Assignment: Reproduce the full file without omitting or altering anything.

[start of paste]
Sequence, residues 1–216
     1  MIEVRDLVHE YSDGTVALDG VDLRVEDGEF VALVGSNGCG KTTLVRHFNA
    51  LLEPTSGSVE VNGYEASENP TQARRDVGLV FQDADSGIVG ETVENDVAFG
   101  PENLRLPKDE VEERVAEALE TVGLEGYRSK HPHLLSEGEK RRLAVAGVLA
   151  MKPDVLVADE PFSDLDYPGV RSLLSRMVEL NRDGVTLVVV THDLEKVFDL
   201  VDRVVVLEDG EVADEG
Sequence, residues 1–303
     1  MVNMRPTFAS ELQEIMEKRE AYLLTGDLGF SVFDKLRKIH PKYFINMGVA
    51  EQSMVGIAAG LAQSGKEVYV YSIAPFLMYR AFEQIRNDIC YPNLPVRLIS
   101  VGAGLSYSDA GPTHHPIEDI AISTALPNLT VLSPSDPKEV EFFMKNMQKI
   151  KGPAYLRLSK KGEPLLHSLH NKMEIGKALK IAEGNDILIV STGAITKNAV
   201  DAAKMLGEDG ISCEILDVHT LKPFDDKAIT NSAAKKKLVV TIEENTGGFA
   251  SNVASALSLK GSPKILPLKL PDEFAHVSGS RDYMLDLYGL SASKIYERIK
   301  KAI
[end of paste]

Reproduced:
Sequence, residues 1–216
     1  MIEVRDLVHE YSDGTVALDG VDLRVEDGEF VALVGSNGCG KTTLVRHFNA
    51  LLEPTSGSVE VNGYEASENP TQARRDVGLV FQDADSGIVG ETVENDVAFG
   101  PENLRLPKDE VEERVAEALE TVGLEGYRSK HPHLLSEGEK RRLAVAGVLA
   151  MKPDVLVADE PFSDLDYPGV RSLLSRMVEL NRDGVTLVVV THDLEKVFDL
   201  VDRVVVLEDG EVADEG
Sequence, residues 1–303
     1  MVNMRPTFAS ELQEIMEKRE AYLLTGDLGF SVFDKLRKIH PKYFINMGVA
    51  EQSMVGIAAG LAQSGKEVYV YSIAPFLMYR AFEQIRNDIC YPNLPVRLIS
   101  VGAGLSYSDA GPTHHPIEDI AISTALPNLT VLSPSDPKEV EFFMKNMQKI
   151  KGPAYLRLSK KGEPLLHSLH NKMEIGKALK IAEGNDILIV STGAITKNAV
   201  DAAKMLGEDG ISCEILDVHT LKPFDDKAIT NSAAKKKLVV TIEENTGGFA
   251  SNVASALSLK GSPKILPLKL PDEFAHVSGS RDYMLDLYGL SASKIYERIK
   301  KAI